I talk to the woman next to me instead. She’s older, in her 50s, tanned and very kind, a handsome silver-haired woman on vacation with her handsome silver-haired husband, who also looks tanned and kind. They’ve been going around Greece swimming, and they have fit bodies and the relaxed air of swimmers. It makes me understand that I need to keep swimming, talking to her.
We’re trying to get me to my hotel, Hotel 55, in North Ealing. By the time we land the Tube is closed. Which is to say, it’s 1:30AM. I was due in at 10:30PM. After a taxi and a bus, I get to my hotel at 4AM.
The rest is a long road, that begins with the Hotel 55 in the dark and me calling inside for the night doorman to come and open it up and check me in, the room a good bargain at 80 pounds, me placated by degrees. By the quiet dark air-conditioned lobby, the room, beautiful and simple, contemporary design, the shower, clean and with powerful water pressure. I sleep deeply, for six hours, have breakfast in their beautiful contemporary garden with my friend David, and then we go around London for a little sightseeing. I get on the plane back, and once back, decide to drive home to Amherst, instead of staying over at my friend Jorge’s place in Queens, in order to begin moving the next morning. I get back, finally, at 2AM and am up the next morning at 8AM, when it is plain to me I should have stayed over in Queens.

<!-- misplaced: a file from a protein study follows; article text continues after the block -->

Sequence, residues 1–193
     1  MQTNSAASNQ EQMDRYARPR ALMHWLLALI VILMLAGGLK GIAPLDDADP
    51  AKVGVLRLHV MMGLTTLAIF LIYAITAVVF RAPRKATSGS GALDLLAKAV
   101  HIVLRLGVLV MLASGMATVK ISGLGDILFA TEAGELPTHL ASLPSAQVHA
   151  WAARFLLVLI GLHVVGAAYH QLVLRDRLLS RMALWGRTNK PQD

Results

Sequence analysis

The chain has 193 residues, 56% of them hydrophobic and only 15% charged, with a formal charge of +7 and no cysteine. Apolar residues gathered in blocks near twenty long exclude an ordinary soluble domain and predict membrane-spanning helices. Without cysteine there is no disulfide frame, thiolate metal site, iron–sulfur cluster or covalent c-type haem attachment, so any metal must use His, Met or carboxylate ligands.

I move for five days in the heat and rain, swimming every day in the afternoon, because it’s the only way to feel connected, somehow, to me. With my ears stopped up by water, I can only hear me. And as the happy couple showed me, in the plain way they were together, and happy, and relaxed somehow while the flight was delayed in the heat and anger, swimming makes everything okay.